Know How To Defend and Adjust your Employee Compensation Program
- Twenty-five year old engineer complains that he’s making only $40,000 when a 55 year old colleague makes twice that, “We do exactly the same job why should he get more than me?”
Well, in this organization, employee compensation is based on performance. We never have enough information in order to make decisions on situations like this. But that’s a big question.
How well does this older employee perform relative to the newer guy? We don’t want to pay on seniority or draw there as a high correlation between seniority or years of experience and performance. That may be why the older employee makes more than a younger one, but performance should be the primary criteria for employee compensation.
- Several employees have been talking among themselves and concluded that at this company performance reviews are rigged. They throw in a bunch of negative feedback just to justify low employee compensation increases.
Everybody has areas for improvement. Even your CEO has room for improvement. Just ask the board what things your CEO should be working on and they will come up with a list for it if they haven’t already. Even you – as good as you are, have some things you can improve on. And everybody should get some things that they can improve on. But you have to present those improvement areas in the right way. Remember I mentioned the balancing between positive and negatives? Okay, so I don’t think that really happens in most cases. But everybody does have areas for improvement.
- Several managers complain that it’s impossible to motivate and retain their staff unless they can offer bigger raises, this despite the fact that several salary surveys show that a company is paying employees slightly higher than industry average.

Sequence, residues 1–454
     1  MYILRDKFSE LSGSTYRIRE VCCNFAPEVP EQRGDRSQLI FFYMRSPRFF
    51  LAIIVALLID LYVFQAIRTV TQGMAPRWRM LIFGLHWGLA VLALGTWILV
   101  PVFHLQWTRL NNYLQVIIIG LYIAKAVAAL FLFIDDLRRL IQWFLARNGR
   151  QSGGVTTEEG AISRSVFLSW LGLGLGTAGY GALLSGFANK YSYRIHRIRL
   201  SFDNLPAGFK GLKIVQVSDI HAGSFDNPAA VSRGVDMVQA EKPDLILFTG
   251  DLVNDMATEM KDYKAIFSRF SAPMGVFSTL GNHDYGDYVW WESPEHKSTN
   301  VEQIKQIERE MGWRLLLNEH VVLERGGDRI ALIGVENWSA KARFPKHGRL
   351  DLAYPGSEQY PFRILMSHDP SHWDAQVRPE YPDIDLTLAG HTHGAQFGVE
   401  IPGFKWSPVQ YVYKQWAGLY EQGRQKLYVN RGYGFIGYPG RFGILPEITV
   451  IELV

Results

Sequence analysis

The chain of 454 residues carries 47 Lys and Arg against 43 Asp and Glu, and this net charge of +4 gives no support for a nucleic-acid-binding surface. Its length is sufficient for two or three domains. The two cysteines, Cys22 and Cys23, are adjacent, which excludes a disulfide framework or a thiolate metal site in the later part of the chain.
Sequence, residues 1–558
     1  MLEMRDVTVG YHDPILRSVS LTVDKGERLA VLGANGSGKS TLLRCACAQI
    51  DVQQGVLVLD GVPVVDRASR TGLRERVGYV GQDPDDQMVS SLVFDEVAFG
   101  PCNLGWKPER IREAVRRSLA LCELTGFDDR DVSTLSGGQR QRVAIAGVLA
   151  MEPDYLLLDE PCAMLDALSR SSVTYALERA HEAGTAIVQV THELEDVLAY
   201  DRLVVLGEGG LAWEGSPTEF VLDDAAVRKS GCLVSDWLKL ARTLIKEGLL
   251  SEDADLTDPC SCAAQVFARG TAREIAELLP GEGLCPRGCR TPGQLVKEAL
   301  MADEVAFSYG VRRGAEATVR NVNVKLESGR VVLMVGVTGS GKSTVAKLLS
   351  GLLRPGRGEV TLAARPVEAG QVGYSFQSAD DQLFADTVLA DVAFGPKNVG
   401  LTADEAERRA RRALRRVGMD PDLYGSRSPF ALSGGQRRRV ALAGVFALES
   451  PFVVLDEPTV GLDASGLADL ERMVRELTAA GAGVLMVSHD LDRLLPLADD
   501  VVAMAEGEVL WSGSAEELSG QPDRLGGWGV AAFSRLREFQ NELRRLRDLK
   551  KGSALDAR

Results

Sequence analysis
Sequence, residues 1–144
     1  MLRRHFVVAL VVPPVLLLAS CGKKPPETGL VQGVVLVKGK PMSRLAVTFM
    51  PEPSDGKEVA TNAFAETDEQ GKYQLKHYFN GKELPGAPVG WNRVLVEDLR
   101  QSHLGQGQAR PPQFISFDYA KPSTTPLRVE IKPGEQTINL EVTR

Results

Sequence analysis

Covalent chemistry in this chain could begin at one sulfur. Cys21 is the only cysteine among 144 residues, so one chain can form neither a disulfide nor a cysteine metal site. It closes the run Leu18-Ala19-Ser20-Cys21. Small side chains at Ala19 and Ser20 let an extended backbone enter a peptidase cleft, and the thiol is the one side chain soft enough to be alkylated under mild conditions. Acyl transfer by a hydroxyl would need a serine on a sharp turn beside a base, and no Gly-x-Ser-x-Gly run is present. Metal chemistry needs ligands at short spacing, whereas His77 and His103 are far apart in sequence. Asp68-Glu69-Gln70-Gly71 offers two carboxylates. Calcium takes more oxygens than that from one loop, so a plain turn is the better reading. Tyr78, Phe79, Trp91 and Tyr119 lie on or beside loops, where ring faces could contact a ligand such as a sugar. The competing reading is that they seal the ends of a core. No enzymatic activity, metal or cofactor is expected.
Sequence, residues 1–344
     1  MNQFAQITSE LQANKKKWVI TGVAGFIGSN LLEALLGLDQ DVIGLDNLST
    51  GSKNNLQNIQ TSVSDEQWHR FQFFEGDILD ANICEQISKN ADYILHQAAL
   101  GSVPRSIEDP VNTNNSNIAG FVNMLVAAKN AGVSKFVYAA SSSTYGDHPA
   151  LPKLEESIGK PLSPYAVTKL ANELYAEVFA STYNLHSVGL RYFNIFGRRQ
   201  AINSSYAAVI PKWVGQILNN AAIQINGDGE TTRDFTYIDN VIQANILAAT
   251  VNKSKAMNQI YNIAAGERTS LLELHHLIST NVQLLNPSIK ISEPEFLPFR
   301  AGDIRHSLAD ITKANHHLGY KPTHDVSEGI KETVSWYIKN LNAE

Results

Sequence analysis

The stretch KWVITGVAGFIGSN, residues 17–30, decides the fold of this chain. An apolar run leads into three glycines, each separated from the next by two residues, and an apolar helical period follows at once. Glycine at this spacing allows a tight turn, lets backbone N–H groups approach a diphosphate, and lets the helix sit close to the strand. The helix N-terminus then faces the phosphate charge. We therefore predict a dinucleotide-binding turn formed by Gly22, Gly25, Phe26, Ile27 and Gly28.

What this doesn’t tell you is what are we paying – what areas of employee compensation are we paying that are slightly higher than industry averages. Are we talking about salaries? Are we talking about total cash?
It could be that total cash is higher than industry average but maybe base salaries are lower. So that’s trade off some companies have to make. We will lower base salaries and put more into variable expense – remember, we talked this, and by building up the incentives that are actually larger than the marketplace. It may be a good strategy but there are limits into how far you can push this.
So the only thing to suggest without more information is just to try to get more information if you can. Let’s see exactly what that survey data looks like and let’s compare it to our people. And maybe we do need to make adjustments. The thing that separates the men from the boys and the women from the girls in the employee compensation area is knowing when to make exceptions and when not to.
- The company president announces a new strategic direction. He or she says, “We want to focus on increasing business with existing clients.” He tells his top team, “It sounds great.” But a few months later he learns that customer service reps are still being incentivized based on the number of calls answered per hour. Consequently, they hurry to get customers off the phone thus, missing out on opportunities to up-sell, exactly opposite of what the new strategy called for.
Remember, on these kinds of incentive programs – in fact, all of employee compensation, what you measure is what you will get over time. Obviously, they haven’t changed the incentive program or the employee compensation program for the customer service reps in order to be in line with the company strategy of increasing business with existing clients.
They obviously are being paid or incentivized based on the number of calls answered per hour which is a lot different than spending more time with existing clients so you can sell more. So, in my opinion, there’s something wrong with the sales plan here. They’re not in sync with the company objectives.
Edited Remarks from “The Seven Deadly Sins of Employee Compensation Plans (and How to Fix Them)” by Rick Olivieri
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